Central African Expedition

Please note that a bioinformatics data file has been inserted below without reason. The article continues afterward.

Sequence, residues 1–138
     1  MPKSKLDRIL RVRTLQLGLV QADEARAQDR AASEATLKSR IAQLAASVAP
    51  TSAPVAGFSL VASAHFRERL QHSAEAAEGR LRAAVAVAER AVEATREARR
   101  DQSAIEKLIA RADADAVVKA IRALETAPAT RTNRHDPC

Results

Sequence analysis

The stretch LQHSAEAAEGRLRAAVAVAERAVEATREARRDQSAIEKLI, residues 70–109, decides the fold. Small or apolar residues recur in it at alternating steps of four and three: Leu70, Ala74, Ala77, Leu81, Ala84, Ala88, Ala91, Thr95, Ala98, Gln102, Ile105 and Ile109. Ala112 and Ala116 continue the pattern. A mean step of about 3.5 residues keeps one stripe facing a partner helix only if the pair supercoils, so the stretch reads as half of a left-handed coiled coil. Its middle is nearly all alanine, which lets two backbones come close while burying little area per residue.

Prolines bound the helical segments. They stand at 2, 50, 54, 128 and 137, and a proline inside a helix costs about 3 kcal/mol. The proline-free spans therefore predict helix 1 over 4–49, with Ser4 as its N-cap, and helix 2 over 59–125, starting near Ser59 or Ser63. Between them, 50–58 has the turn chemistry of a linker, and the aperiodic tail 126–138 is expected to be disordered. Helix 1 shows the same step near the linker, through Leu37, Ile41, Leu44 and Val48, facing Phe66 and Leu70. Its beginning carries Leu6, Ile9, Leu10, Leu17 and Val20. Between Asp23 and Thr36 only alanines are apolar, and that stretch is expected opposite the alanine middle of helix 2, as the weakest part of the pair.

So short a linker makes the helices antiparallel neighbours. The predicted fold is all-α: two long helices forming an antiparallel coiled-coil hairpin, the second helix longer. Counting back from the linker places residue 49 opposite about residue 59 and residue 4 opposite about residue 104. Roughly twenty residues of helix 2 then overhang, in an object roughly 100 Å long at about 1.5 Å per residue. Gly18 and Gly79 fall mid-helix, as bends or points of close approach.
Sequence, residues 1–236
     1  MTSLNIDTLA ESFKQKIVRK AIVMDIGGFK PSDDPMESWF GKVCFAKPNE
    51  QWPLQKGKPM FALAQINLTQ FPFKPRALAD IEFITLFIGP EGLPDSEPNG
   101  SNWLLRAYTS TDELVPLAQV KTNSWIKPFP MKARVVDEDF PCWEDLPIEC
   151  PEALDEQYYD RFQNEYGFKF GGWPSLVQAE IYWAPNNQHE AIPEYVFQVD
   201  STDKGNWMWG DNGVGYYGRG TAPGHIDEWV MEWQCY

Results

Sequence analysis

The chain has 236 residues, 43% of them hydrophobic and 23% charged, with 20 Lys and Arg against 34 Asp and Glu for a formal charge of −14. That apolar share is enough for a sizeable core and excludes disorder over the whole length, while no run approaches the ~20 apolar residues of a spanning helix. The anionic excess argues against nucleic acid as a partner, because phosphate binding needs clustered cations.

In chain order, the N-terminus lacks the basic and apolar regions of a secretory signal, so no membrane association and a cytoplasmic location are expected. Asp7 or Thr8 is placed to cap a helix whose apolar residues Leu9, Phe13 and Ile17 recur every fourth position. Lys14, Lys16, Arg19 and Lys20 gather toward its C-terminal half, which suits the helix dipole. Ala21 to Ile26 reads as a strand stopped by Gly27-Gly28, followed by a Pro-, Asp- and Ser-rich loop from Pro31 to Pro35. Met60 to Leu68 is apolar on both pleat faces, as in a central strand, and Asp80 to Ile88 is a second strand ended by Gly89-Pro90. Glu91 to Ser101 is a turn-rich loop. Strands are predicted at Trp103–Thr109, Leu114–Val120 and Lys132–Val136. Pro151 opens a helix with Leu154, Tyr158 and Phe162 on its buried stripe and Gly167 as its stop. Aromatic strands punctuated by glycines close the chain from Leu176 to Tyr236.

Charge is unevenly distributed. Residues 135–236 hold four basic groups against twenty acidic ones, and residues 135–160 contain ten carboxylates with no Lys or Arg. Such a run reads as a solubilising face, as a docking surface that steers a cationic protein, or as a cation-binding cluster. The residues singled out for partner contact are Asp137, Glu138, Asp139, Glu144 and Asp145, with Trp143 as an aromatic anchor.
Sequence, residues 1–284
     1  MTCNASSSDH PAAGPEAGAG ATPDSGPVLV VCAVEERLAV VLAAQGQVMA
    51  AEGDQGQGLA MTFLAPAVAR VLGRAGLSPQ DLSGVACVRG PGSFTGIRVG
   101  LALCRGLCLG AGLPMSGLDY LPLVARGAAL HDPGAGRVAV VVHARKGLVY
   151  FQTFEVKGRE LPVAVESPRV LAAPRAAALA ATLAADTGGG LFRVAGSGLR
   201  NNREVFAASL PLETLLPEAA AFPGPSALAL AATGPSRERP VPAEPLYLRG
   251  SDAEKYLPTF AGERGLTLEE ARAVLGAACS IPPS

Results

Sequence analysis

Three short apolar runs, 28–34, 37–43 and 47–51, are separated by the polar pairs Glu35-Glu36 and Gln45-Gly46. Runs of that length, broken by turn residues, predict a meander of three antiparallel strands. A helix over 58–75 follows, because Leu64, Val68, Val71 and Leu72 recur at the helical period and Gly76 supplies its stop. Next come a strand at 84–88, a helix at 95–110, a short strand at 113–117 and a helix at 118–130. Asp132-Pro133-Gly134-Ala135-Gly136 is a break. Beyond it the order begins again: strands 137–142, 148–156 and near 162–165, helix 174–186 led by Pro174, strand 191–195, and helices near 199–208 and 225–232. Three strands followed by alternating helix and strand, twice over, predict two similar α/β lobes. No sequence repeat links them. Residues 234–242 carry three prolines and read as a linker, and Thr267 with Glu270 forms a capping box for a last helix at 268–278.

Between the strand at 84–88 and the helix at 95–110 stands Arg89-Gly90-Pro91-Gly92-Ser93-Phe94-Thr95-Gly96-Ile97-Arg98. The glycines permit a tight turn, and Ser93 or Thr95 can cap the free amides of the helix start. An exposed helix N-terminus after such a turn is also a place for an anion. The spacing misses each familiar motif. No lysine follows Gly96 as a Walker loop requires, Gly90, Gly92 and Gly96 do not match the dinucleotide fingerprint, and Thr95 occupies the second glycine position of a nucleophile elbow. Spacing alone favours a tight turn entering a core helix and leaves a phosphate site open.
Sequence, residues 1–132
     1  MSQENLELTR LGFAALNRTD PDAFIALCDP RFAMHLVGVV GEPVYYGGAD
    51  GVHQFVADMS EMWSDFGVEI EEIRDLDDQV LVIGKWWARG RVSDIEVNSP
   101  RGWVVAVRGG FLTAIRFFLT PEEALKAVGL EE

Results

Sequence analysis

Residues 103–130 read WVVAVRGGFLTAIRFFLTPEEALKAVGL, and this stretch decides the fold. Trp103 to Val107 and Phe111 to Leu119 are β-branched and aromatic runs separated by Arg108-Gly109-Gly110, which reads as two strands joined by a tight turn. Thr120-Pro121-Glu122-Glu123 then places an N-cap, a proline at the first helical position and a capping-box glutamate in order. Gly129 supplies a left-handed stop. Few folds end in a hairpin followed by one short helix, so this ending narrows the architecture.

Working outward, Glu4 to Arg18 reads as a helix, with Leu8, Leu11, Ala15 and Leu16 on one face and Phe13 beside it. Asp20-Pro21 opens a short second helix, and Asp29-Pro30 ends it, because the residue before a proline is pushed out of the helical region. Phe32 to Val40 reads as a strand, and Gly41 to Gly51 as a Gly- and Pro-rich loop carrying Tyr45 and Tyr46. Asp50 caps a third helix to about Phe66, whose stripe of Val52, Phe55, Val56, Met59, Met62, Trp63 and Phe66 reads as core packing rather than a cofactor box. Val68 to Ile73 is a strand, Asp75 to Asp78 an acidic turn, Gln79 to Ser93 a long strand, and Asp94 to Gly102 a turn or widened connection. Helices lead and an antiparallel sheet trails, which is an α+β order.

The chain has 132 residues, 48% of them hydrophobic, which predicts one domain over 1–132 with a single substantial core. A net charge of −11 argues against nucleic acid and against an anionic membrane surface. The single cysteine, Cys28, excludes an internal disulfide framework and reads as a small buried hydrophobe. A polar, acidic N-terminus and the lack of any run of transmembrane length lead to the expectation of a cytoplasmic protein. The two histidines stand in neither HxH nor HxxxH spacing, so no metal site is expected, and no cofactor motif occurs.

Scope and Contents